November 20, 2017

The Breakup Exit Strategy Part III: Everybody Should Have One

Courtsey of casinodownloads.com via Google Images

A good friend of mine was in a marital dilemma.  After some thought, he’d come to the decision that he no longer wanted to be in his marriage.  He said, “Kaneicia, do you want to know what my exit strategy is? It’s over, get your stuff and get out.”

I laughed when he told me that. He used the direct dump method; no explanation, no conversation, no miscommunication. It’s a bit on the rude side but considering what he’s been through, it’s understandable.  Some breakups won’t have happy endings. The indirect method just won’t cut it.  In my friend’s case he’d been betrayed by his wife and to him, his marriage was unsalvageable.  He made up in his mind it was over and he wasn’t going to waste another minute of his time.  He didn’t argue, didn’t swear at her, he just ended things.  You ain’t got to go, but you got to get up outta here!

As discussed in The Breakup Exit Strategy Part II, being direct is the best way to exit a relationship.  There are no mixed signals, no nonverbals to interpret, no ambiguity. To clarify though, being direct is not easy.  You walk a thin line between being assertive and aggressive, blunt and belligerent.  When dating, it’s all the more worse because you are constantly walking on eggshells.  You always wonder if what you say may be misconstrued.  My rule of thumb is if you deliver the truth with sincerity then you’ve done right by whomever you’re communicating with.  Case and point:

There was this one guy I dated a few years back.  He was charming, extremely talented and spiritually grounded.  I was sure I was going to be Mrs. So & So within a year.  We both wanted to get married and have kids; we had common goals and were very active in our respective churches.  The wait was over!

But as time would tell, everything was not so perfect.  I found out he had some serious financial issues.  On top of that he didn’t feel comfortable communicating with his ex-wife about me.  He’d planned on bringing the kids up to meet my family for Thanksgiving, but reneged because he didn’t want to ask his ex if he could travel with the kids.  When he told me they weren’t coming, I asked if it he didn’t want to ask his ex and he said yes.  I politely got off the phone, analyzed the situation and the relationship’s growth potential.  I decided the financial situation and his timidity were deal breakers. When I told him I wanted to put things on hold, it turned into the fourth of July.  He was not happy.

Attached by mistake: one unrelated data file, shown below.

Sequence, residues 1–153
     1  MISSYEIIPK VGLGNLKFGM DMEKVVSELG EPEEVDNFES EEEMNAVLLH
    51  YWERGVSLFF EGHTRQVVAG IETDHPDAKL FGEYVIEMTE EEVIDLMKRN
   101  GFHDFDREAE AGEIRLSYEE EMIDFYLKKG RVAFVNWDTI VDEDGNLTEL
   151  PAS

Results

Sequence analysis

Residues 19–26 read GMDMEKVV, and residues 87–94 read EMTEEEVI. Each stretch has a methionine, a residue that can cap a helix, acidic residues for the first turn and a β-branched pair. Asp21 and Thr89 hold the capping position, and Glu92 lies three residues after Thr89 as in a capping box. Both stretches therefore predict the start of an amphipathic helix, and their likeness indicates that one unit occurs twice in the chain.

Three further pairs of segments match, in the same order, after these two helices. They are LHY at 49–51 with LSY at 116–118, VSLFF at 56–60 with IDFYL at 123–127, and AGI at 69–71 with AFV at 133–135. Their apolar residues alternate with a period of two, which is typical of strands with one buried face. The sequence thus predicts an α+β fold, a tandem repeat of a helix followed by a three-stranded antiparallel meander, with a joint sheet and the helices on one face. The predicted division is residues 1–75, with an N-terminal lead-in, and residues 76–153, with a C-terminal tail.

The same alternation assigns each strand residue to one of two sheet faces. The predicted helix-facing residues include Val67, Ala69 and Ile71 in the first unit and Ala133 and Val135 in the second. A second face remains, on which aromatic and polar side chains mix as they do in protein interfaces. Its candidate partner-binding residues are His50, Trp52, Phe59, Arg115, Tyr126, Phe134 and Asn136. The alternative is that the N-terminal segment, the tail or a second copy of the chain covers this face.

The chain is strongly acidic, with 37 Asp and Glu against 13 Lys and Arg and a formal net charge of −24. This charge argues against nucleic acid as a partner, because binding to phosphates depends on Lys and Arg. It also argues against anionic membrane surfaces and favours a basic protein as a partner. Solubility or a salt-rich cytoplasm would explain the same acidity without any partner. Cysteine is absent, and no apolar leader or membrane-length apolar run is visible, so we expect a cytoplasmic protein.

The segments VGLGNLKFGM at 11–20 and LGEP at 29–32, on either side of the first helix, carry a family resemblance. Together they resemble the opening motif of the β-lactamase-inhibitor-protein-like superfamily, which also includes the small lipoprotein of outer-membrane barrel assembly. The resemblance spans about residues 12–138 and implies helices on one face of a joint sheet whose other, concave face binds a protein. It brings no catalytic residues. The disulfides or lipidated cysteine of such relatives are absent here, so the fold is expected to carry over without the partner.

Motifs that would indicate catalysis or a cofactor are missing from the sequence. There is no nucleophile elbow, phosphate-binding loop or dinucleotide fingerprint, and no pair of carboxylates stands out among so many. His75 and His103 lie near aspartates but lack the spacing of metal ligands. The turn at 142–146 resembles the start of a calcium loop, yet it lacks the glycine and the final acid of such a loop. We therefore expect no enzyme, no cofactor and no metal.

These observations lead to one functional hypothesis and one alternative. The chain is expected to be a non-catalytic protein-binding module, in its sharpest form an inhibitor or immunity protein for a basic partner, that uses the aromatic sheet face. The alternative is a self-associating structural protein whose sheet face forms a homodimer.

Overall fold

I know I hurt his feelings because he didn’t want to break up, but I really thought it would be best for us to be friends until he got his affairs in order.  Initially he didn’t agree but after the dust settled, he admitted he couldn’t afford to be in a long distance relationship.  He told me he knew I was right, he just didn’t want things to end.  For me, there were underlying issues of passivity and financial irresponsibility that I didn’t want to deal with (for the record, I did NOT say it that way).  Presently we have an amicable relationship.  Even though he was a great guy, the timing wasn’t right.  I’m thankful I had the wisdom to recognize that.

I firmly believe that openness and honesty trumps all.  Over time reality sets in and the pain goes away.  When your ex’s head is clear, he or she will be able to see things for what they really are.  They will be able to let go and move on.  And who knows what the future holds?   Issues may resolve themselves or the time apart may create a newfound appreciation for each other.  A friendship could develop or a romance rekindled.  At the very least, you didn’t waste your time or theirs, and you’ll have your self-respect.  What could be more rewarding?

Comments

  1. Break ups are never easy nor is there a exact science to breaking up. The only suggestion I have is to analyze your relationship and break up according to your partners behavior through out the relationship. Then maybe you may avoid getting a knife thrown at you.

  2. @ Willie, you’re right, breaking up isn’t easy. The moral of the story is honesty is always the best policy. If you’re dating someone who will potentially throw a knife, they will probably throw it no matter hwo you break up with them. Rejection is not easy to deal with either!

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